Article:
Tuesday, July 24, 2012


Stacks of newspapers thrown from the truck. The man with a change-belt around his waist is waiting with a blade. He cuts the rope. Dozens of people on their way to work surround him for the morning edition. They will disappear down into the subway with their three-cent Daily News, easy-to-fold, short paragraphs, page three scandals. Some splurge for the ten-cent Times with few photos and hard-to-fold, holding on to the strap below the overhead fan.

A thousand years earlier, a wandering minstrel, in shred and patches, might bring the news in songs and snatches. Maybe he added a bit of color, stretched a tall tale taller or left out a portion to serve his patron, sort of like Fox News.

Now it comes at us 24/7, relentless in all directions, NEWS, North, East, West, South unless you go into hiding. But news junkies, like me, have to keep up, have to know what’s coming. I want to be among the first to stop the tsunami or run like hell and shout the word. Maybe it goes back to the time I missed a few days in school and wasn’t there when the key to everything was revealed or at least some clue given for the great sleuthing of life.

Facts can be a hindrance to truth. When the police came to tell me of my brother’s death they recited the time, the name of the mountain road and where the car was towed. All that told me less than nothing.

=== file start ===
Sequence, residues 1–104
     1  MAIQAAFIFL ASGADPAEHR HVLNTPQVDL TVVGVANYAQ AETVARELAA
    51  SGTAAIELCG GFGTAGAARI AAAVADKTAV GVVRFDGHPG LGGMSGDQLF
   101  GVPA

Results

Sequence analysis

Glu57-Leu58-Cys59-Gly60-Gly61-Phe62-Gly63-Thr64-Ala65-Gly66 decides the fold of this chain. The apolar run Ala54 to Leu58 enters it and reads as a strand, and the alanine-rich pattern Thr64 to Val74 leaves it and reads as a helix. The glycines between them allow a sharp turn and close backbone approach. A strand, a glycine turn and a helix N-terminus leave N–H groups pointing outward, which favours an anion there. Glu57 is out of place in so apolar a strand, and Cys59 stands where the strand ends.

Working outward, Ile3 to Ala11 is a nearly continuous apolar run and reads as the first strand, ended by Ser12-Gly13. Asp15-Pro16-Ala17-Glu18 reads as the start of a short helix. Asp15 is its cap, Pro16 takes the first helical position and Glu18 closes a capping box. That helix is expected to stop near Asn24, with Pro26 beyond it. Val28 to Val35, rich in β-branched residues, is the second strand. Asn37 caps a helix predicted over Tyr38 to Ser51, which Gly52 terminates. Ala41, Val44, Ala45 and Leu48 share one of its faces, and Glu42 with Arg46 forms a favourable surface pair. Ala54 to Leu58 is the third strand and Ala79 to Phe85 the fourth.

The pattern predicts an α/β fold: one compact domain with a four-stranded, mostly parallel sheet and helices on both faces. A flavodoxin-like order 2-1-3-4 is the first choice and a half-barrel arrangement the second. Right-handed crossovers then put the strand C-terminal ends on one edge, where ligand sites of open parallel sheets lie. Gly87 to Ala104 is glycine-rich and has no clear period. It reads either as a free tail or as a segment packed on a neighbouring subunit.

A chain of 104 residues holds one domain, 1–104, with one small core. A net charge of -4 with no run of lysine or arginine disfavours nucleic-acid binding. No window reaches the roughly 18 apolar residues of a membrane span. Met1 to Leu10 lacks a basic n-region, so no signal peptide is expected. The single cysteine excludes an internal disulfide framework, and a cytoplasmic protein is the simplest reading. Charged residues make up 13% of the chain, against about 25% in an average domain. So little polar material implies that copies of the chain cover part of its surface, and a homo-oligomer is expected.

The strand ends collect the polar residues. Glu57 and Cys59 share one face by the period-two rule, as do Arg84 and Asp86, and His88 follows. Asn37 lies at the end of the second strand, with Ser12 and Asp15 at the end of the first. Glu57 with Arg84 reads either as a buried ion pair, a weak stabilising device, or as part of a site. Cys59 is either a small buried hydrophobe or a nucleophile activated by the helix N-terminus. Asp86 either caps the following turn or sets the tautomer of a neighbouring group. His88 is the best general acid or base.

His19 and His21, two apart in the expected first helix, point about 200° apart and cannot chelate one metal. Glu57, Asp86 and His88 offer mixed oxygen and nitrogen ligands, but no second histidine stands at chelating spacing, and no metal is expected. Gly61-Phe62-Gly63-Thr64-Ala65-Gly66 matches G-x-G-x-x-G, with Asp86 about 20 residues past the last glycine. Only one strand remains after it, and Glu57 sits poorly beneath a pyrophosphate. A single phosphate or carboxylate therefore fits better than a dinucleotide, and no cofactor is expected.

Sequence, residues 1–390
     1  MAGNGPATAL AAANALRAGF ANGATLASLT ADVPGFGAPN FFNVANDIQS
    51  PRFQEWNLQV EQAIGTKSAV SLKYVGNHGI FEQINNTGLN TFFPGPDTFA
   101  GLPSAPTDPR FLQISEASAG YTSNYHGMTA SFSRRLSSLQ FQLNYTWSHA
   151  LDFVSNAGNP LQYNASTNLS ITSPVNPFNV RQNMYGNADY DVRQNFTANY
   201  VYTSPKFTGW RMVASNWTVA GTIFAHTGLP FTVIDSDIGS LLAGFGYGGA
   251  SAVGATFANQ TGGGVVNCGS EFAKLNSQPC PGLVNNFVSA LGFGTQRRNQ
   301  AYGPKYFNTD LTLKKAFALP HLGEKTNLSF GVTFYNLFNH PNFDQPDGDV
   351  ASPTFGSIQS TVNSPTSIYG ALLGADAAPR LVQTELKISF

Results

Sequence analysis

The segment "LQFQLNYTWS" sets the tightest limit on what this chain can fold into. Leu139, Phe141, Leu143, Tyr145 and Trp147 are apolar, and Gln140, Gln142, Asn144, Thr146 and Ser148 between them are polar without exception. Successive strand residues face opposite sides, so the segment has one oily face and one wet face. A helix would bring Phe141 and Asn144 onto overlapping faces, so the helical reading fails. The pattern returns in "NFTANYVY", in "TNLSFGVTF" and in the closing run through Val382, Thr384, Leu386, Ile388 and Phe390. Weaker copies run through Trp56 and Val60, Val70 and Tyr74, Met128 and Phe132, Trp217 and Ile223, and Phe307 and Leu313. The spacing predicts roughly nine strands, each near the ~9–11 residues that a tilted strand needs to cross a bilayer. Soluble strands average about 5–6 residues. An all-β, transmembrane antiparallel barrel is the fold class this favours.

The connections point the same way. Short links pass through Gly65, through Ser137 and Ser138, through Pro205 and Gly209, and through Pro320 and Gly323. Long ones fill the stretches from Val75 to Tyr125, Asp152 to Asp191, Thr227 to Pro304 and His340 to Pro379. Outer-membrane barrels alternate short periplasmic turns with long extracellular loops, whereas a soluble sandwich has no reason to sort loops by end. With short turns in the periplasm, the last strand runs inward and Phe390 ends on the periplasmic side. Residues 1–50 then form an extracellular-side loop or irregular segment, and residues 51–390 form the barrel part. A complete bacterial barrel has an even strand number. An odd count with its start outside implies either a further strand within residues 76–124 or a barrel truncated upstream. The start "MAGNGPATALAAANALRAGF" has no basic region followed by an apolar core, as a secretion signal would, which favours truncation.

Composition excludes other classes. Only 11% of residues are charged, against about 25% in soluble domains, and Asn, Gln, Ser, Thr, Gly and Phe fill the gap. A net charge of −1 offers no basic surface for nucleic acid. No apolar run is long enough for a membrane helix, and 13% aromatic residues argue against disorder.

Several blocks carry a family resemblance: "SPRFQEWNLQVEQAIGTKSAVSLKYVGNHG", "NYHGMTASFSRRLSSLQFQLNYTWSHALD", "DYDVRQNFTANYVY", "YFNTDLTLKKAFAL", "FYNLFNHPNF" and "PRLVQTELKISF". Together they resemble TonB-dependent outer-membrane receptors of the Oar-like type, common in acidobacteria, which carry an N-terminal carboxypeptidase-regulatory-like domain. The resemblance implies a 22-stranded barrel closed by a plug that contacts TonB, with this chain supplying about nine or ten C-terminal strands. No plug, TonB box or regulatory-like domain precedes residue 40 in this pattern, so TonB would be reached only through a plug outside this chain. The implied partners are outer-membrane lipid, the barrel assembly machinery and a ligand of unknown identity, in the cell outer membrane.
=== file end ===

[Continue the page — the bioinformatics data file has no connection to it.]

There may be more news in Miles Davis or Mahler or just listening to the garbage truck backing up. If poets are the true legislators of the world, I should stick with the Norton Anthology of English Poetry.

There are people, said to be of my species, who really don’t know or care about the latest shooting, kerfuffle in Congress or even who gets elected. A small part of me envies them. Oh, to be blissfully ignorant of who denied saying what to whom, which country growled and which bowed, what Dow did to Jones. Maybe it is folly to be wise with bulletins, bites, gotchas and spin. It's clear that the buzz among the chattering class has little, if any, effect on moving the poll numbers.

As it is, I’m feeling a need to retreat. I’m looking for a mid-distance perch. Up too close, politics can be hazardous to one’s health. The air is noxious particularly in an election year. My bile rises as the vitriol flows. I could rage against the dying of the light or put on some chamber music and gaze out the patio with its keyboard of verdant leaves, the pluck of hummingbirds darting as variations of light and shadow orchestrate the canvas. A slight wind stirs the fern with a message from that famous butterfly in Brazil. News has a way of finding us in the end.

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